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For an earlier report of the contest addressed below from the activist investor perspective, see


Corporate Secretary, April 16, 2010 article


Crossbow logo People on the street

Waddell & Reed shareholders vote against say-on-pay

Apr 16, 2010

The vote-no campaign may have worked this time but the fight is not over

The results are in and, in the latest match up between activists and executive management, Waddell & Reed CEO Henry Herrmann scored one for the home team.

As reported earlier, Waddell & Reed, a staunch opponent of say-on-pay for the past several years, took a new approach to their vote-no campaign this proxy season. In an effort to block a say-on-pay proposal sponsored by activist fund Boston Common Asset Management, the company included in its proxy materials a letter from the CEO urging investors to vote against the resolution. The rather alarmist letter warned shareholders that, if enacted, say-on-pay could seriously jeopardize their investment.

Interestingly, the company would not disclose the results during the April 7 annual meeting, which reportedly lasted a mere 20 minutes, so investors had to wait until the 8-K was filed to discover Herrmann won the round: roughly 58 percent of votes were cast against the resolution.

What impact Herrmann’s letter had is unclear. The company’s largest shareholders are institutions, which, as Dawn Wolfe, associate director of ESG research at Boston Common, points out often vote with management. ‘The resources in terms of management time and shareholder money put into filing and distributing the letter remain a waste in our mind,’ says Wolfe.

That said, however, the say-on-pay resolution received fewer votes this year than it did last year. As Waddell assistant vice president of investor relations Nicole McIntosh explains it, ‘The shareholder vote on April 7 indicates their [investor] trust in our process and that a say-on-pay proposal is an unnecessary step.’ This may be true, but Wolfe is quick to remind people that the proposal still received support from 42 percent of votes, a significant level of support.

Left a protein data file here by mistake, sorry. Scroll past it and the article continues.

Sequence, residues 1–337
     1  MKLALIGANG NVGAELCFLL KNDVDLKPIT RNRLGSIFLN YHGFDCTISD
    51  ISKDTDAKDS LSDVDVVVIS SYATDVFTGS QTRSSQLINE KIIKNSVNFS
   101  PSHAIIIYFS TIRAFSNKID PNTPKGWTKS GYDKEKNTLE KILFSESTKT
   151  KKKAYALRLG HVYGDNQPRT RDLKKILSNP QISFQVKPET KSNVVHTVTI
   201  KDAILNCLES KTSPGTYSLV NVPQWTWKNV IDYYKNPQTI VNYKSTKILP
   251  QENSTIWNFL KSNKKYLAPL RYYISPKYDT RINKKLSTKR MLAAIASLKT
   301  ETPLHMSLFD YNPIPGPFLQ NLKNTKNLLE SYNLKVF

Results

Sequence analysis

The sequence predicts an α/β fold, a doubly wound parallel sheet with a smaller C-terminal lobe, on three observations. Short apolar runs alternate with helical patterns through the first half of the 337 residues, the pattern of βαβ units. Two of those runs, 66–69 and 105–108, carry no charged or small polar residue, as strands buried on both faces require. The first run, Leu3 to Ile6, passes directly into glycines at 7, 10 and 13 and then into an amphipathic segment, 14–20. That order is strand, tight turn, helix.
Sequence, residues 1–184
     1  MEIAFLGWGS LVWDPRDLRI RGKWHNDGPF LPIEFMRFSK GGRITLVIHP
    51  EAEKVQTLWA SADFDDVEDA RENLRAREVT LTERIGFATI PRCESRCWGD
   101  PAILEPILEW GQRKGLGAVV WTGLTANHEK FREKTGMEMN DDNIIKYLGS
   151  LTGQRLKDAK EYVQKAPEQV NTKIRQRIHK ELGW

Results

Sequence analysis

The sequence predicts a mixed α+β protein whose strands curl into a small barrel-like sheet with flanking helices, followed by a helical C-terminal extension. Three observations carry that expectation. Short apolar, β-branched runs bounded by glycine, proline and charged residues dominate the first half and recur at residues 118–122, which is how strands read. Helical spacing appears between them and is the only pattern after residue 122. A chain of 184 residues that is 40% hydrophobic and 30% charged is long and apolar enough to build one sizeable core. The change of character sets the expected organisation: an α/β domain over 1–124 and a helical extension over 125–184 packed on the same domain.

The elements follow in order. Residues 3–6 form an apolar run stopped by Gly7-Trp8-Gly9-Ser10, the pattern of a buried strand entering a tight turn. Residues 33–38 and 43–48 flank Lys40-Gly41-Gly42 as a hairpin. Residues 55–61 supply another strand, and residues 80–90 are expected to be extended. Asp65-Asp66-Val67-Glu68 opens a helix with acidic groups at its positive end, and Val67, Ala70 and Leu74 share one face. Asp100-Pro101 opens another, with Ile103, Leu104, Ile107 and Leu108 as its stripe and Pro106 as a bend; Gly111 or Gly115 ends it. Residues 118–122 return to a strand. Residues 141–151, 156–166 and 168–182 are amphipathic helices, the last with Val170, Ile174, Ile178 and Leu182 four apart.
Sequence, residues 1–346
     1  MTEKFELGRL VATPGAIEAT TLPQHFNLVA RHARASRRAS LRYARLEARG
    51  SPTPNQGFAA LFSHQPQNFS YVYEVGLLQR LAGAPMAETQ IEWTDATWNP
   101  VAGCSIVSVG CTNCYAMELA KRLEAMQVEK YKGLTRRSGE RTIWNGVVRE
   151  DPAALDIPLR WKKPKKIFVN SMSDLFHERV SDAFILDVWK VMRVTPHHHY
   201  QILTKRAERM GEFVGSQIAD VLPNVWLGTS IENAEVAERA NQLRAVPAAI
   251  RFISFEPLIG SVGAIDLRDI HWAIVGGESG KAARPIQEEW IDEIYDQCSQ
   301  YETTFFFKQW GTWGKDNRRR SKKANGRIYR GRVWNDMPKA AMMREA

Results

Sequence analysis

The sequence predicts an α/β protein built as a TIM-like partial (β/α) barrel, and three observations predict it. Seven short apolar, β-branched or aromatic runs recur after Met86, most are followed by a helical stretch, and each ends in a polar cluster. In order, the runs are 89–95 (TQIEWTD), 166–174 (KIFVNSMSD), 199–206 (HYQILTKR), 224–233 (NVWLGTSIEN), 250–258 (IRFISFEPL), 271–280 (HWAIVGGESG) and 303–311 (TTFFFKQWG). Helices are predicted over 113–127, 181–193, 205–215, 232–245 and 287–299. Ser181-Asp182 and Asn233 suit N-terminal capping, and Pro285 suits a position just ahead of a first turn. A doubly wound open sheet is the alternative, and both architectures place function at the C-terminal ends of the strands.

Speaking of Waddell’s compensation process, Wolfe mentions that ‘The Corporate Library has consistently highlighted Waddell & Reed’s executive compensation policies and practices as a high concern for investors. For example, according to the Corporate Library, CEO Henry Herrmann’s non-equity incentive plan more than doubled in 2009 despite a 15 percent decline in operating income from fiscal year 2008 to 2009.’

‘Implementing an advisory vote would encourage the board to better explain to shareholders why this pay package is warranted,’ she continues. ‘Boston Common Asset Management and other filers will continue to press for reform at Waddell & Reed that encourages improved communication with shareholders. It is clear that Waddell management is a laggard in this area and there is much room for improvement.’

Indeed, it seems Waddell will not be getting a break from shareholders any time soon. Herrmann received nearly 37 percent withhold votes, and two other board members, including the chair of the corporate governance committee, each received 41.5 percent withhold votes. ‘The significant number of withhold votes is most likely related to the company’s adoption of a poison pill that was not put to a shareholder vote,’ explains Wolfe.

By Katie Feuer




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